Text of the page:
The drawing on the roof of the concealed rock shelter is about a foot long.
A drawing of a dancing stick figure recently discovered in a rock shelter in Tennessee's remote Cumberland Plateau dates likely from 1000 to 1600 AD.
“I knew that Native American rock art had been found in the area, but I didn't realize this was so significant," said Corey Holliday, a cave specialist who found the drawing. "My first impression was that someone had drawn it with charcoal."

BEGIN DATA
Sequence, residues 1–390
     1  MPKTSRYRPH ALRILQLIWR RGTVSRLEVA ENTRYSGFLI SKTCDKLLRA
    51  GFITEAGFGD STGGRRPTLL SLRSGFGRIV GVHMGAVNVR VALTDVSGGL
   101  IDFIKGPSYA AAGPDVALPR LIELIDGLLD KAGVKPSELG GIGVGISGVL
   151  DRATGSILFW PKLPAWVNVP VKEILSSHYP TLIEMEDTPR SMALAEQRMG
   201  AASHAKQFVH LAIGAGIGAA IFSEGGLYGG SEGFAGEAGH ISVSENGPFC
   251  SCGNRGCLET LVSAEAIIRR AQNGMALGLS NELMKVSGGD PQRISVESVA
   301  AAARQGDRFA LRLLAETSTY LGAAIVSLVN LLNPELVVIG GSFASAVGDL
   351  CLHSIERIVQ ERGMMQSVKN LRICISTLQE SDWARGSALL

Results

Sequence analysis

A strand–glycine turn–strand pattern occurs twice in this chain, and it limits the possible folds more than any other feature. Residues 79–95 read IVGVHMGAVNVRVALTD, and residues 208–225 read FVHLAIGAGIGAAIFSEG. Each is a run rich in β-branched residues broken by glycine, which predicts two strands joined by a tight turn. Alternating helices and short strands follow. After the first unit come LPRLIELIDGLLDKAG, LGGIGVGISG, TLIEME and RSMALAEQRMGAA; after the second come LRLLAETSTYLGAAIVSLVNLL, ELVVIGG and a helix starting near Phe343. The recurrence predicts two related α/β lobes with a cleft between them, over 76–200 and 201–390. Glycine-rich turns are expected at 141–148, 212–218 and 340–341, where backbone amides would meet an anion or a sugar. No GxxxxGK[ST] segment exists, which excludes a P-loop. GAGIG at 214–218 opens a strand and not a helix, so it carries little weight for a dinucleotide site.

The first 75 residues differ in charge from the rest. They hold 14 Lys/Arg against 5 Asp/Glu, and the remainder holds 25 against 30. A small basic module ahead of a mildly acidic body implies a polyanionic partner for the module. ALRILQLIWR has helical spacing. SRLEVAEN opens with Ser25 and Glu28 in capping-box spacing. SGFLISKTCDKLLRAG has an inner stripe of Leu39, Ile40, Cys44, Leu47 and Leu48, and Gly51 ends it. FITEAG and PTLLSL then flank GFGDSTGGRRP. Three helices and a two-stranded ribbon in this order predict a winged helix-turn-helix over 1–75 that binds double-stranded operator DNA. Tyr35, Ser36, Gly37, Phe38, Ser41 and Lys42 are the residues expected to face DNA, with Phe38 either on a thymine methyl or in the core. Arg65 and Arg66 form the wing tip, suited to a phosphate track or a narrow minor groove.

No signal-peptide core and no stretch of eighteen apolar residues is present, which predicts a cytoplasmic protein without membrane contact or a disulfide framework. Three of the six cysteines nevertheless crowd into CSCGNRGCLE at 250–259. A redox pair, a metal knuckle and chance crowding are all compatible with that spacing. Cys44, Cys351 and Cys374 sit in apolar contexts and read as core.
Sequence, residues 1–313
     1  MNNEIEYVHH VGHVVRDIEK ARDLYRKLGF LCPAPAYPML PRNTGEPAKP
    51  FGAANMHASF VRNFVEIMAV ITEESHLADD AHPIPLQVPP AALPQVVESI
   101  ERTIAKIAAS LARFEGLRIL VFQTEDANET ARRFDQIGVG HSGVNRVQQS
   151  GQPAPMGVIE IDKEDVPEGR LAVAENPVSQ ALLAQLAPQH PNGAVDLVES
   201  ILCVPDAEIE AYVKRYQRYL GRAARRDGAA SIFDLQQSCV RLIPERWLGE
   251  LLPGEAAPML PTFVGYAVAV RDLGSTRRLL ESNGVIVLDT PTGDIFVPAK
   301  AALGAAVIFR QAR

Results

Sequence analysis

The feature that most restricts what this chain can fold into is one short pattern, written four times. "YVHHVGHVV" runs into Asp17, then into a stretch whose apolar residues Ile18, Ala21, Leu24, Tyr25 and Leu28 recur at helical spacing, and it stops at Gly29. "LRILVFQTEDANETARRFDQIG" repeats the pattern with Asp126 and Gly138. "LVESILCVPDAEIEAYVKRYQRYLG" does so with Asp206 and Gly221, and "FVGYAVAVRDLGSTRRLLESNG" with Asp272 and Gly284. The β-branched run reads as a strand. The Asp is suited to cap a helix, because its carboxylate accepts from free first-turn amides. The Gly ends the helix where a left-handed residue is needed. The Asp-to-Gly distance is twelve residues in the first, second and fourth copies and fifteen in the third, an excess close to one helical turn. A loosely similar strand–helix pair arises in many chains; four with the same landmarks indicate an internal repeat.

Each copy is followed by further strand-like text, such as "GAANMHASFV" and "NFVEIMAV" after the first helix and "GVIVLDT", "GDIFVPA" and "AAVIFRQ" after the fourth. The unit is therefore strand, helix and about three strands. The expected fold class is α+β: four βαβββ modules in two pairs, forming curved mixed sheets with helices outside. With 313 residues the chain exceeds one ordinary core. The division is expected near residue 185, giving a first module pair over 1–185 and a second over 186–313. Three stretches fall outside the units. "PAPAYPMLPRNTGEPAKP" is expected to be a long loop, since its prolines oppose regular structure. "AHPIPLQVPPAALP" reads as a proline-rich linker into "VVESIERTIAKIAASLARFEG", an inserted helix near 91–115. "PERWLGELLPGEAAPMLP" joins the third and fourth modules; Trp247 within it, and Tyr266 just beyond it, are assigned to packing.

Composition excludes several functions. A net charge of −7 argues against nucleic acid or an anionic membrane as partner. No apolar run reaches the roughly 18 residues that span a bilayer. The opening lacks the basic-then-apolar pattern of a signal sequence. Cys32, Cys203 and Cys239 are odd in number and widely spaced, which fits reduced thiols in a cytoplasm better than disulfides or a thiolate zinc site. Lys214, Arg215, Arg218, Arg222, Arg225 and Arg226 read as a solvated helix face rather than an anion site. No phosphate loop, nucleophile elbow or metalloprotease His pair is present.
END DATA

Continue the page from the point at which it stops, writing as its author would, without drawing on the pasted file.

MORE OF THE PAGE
In fact, the artist most likely lived during the Mississippian Period between A.D. 1000 and 1600 and used a paint based on a prehistoric recipe whose main ingredient was pulverized clay, according to Jan Simek, a University of Tennessee anthropology professor who specializes in cave archaeology.
Simek determined that the reason the pictograph looks so fresh is because it has been protected by a veneer of calcium carbonate leaching out of the sandstone. "It is a remarkable figure," Simek said. "In my mind, there is no chance it is a recent fake."
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